Article - Bordeaux

Classifications in Bordeaux - Your Guide

Even a wine connoisseur can get lost in the French classification jungle, and this article is your Bordeaux compass. Learn to navigate - Classification by classification.

Classifications In Bordeaux

In Bordeaux there is a tradition of ranking chateaux and therefore producers, and today these historical classifications of individual properties are still being worked on. In Burgundy the classification belongs to the vineyard, whereas in Bordeaux it belongs to the producer. There are five major classifications in the region, each of which is still relevant today. It is important to point out that a classification belongs to an estate including the parcels of land owned by that estate. The point is that if a given château buys a neighbouring parcel, the producer can include it in the production of their estate under the same classification.

There are currently five valid classifications in Bordeaux:

  • 1855 classification (also known as Grand Cru Classé en 1855)
  • Graves classification of 1959
  • Saint-Emilion classification
  • Cru Bourgeois classification
  • Cru Artisan classification

However, only a small part of the total production is classified, as the vast majority of production in Bordeaux is generic wine, which is sold at significantly lower prices.

The 1855 Classification - Also Known As Grand Cru Classé Du Médoc En 1855

This is absolutely the most important and best-known classification in Bordeaux.

In 1855 there was going to be a world exhibition in Paris, and Napoleon III wanted to show the world the best wines France had to offer - and they had to be from Bordeaux. He asked the Bordeaux Chamber of Commerce to draw up a list. The list was drawn up on the basis of the sales price and reputation of the wine in the run-up to the exhibition. 60 châteaux from the Médoc and 1 from Graves were included in the list, which was divided into five levels.

  • Premier Cru (1. Grand Cru Classé) – First Growth
  • Deuxièmes Cru (2. Grand Cru Classé) – Second Growths
  • Troisième Cru (3. Grand Cru Classé) - Third Growths
  • Quatrième Cru (4. Grand Cru Classé) – Fourth Growths
  • Cinquième Cru (5. Grand Cru Classé) – Fifth Growths

Five châteaux have Premier Cru classification: Château Lafite-Rothschild, Château Latour, Château Margaux, Château Mouton Rothschild, and Château Haut-Brion.

See the complete list of all chateaux in the classification here:

At the same time, it was decided to also rank the sweet wines from the Sauternes and Barsac communes, located south of Bordeaux city under the classification Grands Crus Classés de Sauternes and Barsac 1855. This classification is still valid today. At the top of the list is Château d'Yquem, with its very own 'Premier Cru Superieur' category. Next come 11 châteaux in the 1st cru and 15 châteaux in the 2nd cru.

Over the years, only two changes have been made to the original 1855 classification list. Château Cantemerle was added in 1856, having been forgotten in the first place. The second change was the rise of Château Mouton-Rothschild in 1973 from 2nd Cru to 1st Cru. The last was the result of hard lobbying by Baron Rothschild, who used his political connections to push through this change.

These two classifications have been questioned many times over the years, yet they seem to stand. Quite simply, they become self-reinforcing to a point: the more the chateau can sell its wine for, the more funds they have to invest in the vineyard and cellar.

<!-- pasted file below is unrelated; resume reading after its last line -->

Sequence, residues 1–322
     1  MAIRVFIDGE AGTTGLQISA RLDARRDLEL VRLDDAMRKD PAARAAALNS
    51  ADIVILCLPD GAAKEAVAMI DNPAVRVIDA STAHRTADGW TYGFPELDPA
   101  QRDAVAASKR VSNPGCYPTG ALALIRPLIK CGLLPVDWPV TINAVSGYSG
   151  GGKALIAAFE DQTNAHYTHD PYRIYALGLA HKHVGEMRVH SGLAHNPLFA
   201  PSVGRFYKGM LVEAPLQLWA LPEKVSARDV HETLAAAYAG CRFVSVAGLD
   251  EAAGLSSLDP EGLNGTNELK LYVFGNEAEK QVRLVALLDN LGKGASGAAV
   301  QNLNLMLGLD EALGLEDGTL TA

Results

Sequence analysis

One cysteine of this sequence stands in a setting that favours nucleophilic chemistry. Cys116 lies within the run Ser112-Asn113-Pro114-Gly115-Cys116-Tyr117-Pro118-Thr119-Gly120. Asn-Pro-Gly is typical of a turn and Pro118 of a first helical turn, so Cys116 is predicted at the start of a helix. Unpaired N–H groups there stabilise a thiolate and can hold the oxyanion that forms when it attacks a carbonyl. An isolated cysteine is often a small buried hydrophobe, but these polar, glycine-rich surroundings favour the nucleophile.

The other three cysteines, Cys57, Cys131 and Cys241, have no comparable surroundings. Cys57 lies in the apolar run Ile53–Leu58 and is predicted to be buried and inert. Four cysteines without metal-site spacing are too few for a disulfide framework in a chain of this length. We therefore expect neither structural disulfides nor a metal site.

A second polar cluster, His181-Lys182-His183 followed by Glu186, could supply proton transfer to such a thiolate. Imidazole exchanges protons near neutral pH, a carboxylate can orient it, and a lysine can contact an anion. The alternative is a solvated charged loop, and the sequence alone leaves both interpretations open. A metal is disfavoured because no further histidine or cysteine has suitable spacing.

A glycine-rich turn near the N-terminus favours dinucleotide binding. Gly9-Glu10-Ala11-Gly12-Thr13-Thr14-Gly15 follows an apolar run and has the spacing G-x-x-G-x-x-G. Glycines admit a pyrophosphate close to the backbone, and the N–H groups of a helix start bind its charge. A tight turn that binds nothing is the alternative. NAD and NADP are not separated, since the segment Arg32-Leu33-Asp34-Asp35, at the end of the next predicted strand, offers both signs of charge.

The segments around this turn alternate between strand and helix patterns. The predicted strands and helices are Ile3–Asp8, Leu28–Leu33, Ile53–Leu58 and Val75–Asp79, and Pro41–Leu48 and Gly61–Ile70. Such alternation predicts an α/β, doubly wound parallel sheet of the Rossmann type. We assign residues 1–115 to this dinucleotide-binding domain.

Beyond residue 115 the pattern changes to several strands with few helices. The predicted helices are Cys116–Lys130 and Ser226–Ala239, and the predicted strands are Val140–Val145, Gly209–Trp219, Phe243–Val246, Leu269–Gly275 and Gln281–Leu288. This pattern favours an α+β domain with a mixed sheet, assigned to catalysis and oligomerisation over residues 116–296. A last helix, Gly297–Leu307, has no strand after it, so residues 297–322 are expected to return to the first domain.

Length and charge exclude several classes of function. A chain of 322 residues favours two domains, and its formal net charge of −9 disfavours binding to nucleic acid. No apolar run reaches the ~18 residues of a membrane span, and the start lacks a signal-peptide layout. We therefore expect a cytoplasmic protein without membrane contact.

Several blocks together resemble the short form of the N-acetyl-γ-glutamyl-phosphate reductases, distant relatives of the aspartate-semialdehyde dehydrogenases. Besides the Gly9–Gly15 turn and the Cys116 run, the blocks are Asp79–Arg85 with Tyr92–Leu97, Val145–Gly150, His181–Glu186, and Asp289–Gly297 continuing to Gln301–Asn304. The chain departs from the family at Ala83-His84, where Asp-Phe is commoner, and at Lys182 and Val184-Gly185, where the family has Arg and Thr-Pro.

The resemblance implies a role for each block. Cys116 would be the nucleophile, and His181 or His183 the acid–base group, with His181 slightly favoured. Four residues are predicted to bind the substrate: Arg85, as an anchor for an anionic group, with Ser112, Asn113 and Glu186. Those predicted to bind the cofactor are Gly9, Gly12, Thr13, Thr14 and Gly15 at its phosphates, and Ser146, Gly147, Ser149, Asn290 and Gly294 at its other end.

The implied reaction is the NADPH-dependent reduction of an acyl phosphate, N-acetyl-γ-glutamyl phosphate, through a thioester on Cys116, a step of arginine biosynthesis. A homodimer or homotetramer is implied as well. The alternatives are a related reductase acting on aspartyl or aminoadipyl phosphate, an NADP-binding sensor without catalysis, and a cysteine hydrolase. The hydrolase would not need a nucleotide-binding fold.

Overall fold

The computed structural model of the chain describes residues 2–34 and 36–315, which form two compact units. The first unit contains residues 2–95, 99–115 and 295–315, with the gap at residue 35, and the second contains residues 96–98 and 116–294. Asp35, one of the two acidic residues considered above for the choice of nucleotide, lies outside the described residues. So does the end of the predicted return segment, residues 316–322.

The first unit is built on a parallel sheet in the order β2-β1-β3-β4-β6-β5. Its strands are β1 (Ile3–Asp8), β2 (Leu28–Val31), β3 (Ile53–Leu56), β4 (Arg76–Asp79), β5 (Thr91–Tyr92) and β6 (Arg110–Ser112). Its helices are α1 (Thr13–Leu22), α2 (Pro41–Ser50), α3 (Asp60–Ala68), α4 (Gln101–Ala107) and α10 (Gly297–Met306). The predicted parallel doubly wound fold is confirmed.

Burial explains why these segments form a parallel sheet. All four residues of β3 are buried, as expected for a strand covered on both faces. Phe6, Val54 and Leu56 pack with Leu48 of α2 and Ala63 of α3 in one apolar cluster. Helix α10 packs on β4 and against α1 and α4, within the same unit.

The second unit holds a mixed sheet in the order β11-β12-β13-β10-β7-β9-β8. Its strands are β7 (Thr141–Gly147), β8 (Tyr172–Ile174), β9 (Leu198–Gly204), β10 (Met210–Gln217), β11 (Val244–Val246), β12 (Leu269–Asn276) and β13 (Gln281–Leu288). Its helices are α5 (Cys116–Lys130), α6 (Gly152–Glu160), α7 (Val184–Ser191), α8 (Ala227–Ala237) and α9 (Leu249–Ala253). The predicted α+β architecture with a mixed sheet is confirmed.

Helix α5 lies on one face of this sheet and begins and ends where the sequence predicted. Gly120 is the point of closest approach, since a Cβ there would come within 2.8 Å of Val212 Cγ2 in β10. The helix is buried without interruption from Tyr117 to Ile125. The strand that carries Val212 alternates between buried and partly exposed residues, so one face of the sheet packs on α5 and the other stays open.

What may change the classification slightly is if a chateau is sold to an investment fund or other wealthy person. They will be able to raise the quality of the wines of a given château with long-term investments. An excellent example of this is Château Pontet-Canet. When the Tesseron family started their investments in the mid-1990s, the quality improved significantly. The Tesseron family chose first to convert to organic viticulture - then to biodynamic, which has helped to significantly raise the quality of the wine. Today, the wine from Château Pontet-Canet ranks in price and reputation on a par with a wine from the 2. Grand Cru Classé despite its classification as 5. Grand Cru Classé.

Chateau Figeac St. Èmilion Chateau Figeac St. Èmilion

The Graves Classification Of 1959

The very first vineyards planted in Bordeaux are the northern vineyards of Graves. Today the appellation is called Pessac-Léogan, and this is also where the city of Bordeaux itself is located. Although the quest for both appellation and classification had been going on for many years, it was not until 1987 that the Pessac-Léognan appellation was a reality in earnest.

In fact, the best wines from Graves were intended to have been included in the 1855 Paris World Exhibition, and thus to have been part of the 1855 classification. Unfortunately, this did not happen as disease ravaged the vineyards. However, Château Haut-Brion was classified as a 1st Cru and thus included in the 1855 classification of the wines of the Médoc.

In 1953, the Graves Syndicate had its classification approved by the French INAO, the institute that protects the appellation system. There were 16 châteaux approved as Grand Cru Classé along with Château Haut-Brion, which was in the 1855 classification. In 1959, the classification was amended to include the white wines of the area. And in 1987, the final classification came, separating Graves in the south from Pessac-Léognan in the north, where the best châteaux are located and classified in a non-hierarchical system as Grand Cru Classé.

Here is a link to a list of classified chateaux. 

The Saint-Emilion Classification

Saint-Emilion never made it into the famous 1855 classification, and the Médoc and Sauternes classifications are chiselled in solid marble, so they are unlikely to see further changes in the future. The wines of the Grand Cru appellation of Saint-Emilion were first classified in 1955, and already in 1958 it was revised for the first time.

The revision is also what makes the Saint-Emilion classification markedly different from the other classifications. It is not static but is more or less revised every ten years by a committee set up by the producers in the area. This creates a more valid classification, where the current quality has a direct influence on the position of the chateaux in the classification for the next 10 years.